Flowers in the Attic by V. C. Andrews

May 7, 2013

Though sometimes classified as Young Adult, Flowers in the Attic by V.C. Andrews hits on several very adult, very controversial topics. At the age of 12, Cathy Dollanganger finds her life forever altered when her father is killed in an automobile accident, and her mother is forced to move the family—consisting of Cathy, her mother; her 14-year-old brother, Chris; and her 5-year-old twin siblings, Cory and Carrie—back to her wealthy parents’ estate. At first all four children seem pleased at the prospect of living in a lavish mansion, but their excitement is quickly stifled when they are told by their cold grandmother that they are to be kept hidden in the attic until their rapidly ailing grandfather passes away, so that he will never learn of their existence.

As days in the attic turn into months, and eventually years, their grandfather’s supposedly imminent death continues to linger. Kept a secret even from the servants in the house, the children’s only contacts are their mother, who drifts further away from them as she reestablishes herself in upper class society, and their scolding and demanding grandmother, who enforces numerous rules about how the children are to dress and interact with each other while alone. Told from Cathy’s perspective, the children are left to piece together the mystery of why they must remain a secret, as clues are dropped about a scandal having existed between their mother and father.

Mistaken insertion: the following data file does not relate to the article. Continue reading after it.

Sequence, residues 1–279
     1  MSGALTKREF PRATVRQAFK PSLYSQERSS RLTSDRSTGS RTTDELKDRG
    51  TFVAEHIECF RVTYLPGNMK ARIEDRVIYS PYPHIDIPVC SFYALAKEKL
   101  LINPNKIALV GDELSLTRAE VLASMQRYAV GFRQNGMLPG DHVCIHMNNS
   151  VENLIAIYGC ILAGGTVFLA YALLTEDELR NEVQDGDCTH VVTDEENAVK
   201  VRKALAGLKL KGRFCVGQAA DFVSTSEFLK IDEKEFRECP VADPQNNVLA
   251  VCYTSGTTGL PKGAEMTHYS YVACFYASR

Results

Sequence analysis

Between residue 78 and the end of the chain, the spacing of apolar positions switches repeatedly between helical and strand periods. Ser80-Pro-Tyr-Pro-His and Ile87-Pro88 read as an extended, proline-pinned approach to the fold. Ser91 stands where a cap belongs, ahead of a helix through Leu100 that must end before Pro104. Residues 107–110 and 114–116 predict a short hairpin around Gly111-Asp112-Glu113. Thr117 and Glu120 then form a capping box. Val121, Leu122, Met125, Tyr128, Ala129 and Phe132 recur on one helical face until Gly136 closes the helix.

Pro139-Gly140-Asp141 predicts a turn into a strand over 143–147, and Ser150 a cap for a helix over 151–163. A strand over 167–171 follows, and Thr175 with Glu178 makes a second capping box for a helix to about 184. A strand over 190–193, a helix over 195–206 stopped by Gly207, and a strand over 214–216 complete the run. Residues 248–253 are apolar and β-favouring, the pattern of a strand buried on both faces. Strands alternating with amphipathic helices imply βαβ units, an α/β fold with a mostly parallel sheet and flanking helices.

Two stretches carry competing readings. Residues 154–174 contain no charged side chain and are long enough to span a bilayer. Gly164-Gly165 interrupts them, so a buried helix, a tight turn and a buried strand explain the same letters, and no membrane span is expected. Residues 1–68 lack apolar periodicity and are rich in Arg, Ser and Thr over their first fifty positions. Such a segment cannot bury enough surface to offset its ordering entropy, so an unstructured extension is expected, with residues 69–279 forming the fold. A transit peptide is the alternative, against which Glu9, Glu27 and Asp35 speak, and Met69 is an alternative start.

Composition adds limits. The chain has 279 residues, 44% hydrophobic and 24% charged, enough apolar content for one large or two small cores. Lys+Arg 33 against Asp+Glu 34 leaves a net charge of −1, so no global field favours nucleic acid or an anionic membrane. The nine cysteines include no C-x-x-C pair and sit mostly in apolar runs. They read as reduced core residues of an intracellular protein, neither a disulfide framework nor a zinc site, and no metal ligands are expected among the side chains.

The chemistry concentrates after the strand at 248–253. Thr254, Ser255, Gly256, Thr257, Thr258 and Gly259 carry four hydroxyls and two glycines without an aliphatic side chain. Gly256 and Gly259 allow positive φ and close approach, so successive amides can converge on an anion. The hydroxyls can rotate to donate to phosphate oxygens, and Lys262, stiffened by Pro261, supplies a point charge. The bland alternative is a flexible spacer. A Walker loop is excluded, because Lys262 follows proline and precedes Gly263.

While at first optimistic and poetic, with the children finding colorful ways to occupy their time, the story grows more dark and foreboding the longer they are secluded. Will they ever escape their prison? Will their mother’s history, coupled with her current life choices affect their devotion to her? And will they be able to survive their grandmother’s harsh demands, or will they fall victim to a fate brought on by their oppressive circumstances?

I found the book to be compelling, with well-crafted passages that paint vivid images. While the subject matter is certainly dark and heavy, the writing is quite passionate which I found kept me from falling too deeply into the despair of the children’s situation.

Flowers in the Attic is the first in a series, with the following books being Petals on the Wind, If There Be Thorns, Seeds of Yesterday, and Garden of Shadows. People who enjoyed this book might also enjoy books by Daphne DuMaurier or Joyce Carol Oats. The book was also made into a movie by the same title in 1987.

Reviewed by Caitlin P
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